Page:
In 2015, the U.S. death rate rose for the first time in more than a decade.
This comes according to a report from the Centers for Disease Control and Prevention. Rather alarmingly, it showed that the increase was driven by a combination of more people dying from overdoses, suicide and Alzheimer’s disease.
The increase is said to have hit certain groups particularly acutely, such as white middle-aged citizens.
While federal researchers said it is too early to tell whether last year’s data is a portent of the near future or a one-off year, they say it could signal distress at the national level if it continues, The New York Times reports.
However, there are reportedly other trends shown from data in the report which reveal a more optimistic picture for younger generations’ health prospects.
The mortality rate for children declined by 52 deaths per 100,000 children between 1990 and 2010, according to Science Mag. Death rates fell most quickly for children living in the poorest parts of the nation.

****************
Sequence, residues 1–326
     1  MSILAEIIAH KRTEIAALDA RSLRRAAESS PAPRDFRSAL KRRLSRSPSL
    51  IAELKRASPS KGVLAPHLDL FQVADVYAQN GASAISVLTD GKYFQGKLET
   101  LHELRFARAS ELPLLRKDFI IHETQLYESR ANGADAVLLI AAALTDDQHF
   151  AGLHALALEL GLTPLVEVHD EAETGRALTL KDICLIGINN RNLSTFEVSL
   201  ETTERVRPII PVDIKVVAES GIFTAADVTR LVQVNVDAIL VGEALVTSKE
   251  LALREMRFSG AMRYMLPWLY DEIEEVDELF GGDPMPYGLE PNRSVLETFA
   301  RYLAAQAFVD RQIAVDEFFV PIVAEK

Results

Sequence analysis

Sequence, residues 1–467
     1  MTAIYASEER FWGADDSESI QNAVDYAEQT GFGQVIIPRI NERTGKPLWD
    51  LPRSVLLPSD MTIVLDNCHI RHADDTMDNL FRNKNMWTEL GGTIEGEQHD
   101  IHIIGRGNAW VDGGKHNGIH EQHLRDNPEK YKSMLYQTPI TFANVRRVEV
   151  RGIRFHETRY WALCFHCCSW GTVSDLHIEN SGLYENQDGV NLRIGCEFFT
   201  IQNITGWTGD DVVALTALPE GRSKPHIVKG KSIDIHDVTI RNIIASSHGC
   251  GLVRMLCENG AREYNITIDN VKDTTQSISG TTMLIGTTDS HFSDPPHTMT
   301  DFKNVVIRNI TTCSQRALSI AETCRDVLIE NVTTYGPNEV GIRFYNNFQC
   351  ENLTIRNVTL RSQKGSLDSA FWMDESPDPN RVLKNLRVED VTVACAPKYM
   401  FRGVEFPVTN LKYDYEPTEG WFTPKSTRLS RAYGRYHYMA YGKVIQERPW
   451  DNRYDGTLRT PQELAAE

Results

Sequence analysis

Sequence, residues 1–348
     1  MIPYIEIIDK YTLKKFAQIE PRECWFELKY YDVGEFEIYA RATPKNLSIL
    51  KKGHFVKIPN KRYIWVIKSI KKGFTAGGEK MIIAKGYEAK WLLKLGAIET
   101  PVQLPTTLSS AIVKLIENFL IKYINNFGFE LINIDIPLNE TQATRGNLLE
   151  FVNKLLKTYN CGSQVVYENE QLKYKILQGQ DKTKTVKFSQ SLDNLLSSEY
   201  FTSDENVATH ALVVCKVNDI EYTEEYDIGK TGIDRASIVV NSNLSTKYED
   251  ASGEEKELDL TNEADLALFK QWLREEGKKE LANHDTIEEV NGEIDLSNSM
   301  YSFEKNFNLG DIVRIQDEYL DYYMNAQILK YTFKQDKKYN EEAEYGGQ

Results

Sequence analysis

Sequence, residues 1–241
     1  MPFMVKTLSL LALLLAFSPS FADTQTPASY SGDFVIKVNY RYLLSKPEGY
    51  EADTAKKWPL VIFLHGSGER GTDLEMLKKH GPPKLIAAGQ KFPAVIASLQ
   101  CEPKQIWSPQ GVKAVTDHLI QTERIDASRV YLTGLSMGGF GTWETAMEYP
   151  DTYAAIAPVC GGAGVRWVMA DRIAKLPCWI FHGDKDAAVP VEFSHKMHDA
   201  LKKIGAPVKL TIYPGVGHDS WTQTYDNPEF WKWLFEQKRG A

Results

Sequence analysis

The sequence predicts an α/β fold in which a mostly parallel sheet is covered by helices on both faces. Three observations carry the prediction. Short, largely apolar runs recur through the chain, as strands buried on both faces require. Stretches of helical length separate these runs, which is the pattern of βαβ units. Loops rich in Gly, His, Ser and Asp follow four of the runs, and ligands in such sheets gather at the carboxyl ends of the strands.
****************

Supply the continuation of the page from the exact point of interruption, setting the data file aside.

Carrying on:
Economic inequality has long been associated with diverging public health outcomes for wealthy and poor Americans, but it has never been a static relationship. This is especially borne out by the new data, which shows that the gaps between the public health outcomes of rich and poor children are narrowing even as the gap between the lifespans of rich and poor American adults is widening.
The factors driving are largely unknown. Princeton economics professor Janet Currie suggests that public health interventions, such as the expansion of the Medicaid and Children’s Health Insurance programs in the early 1990s, played a role in leading to less infant mortality and fewer hospitalizations as children grew older.
Other factors, such as sharply reduced smoking rates among all income groups in the country, have also played a role. Other sources of air pollution which tend to disproportionately affect the development of poor children have also declined.
There are things to worry about, of course. Obesity rates among children and young adults are far higher today than in the previous generation, which can put children at a higher risk for heart disease and other ailments.
Syndicated from Opposing Views
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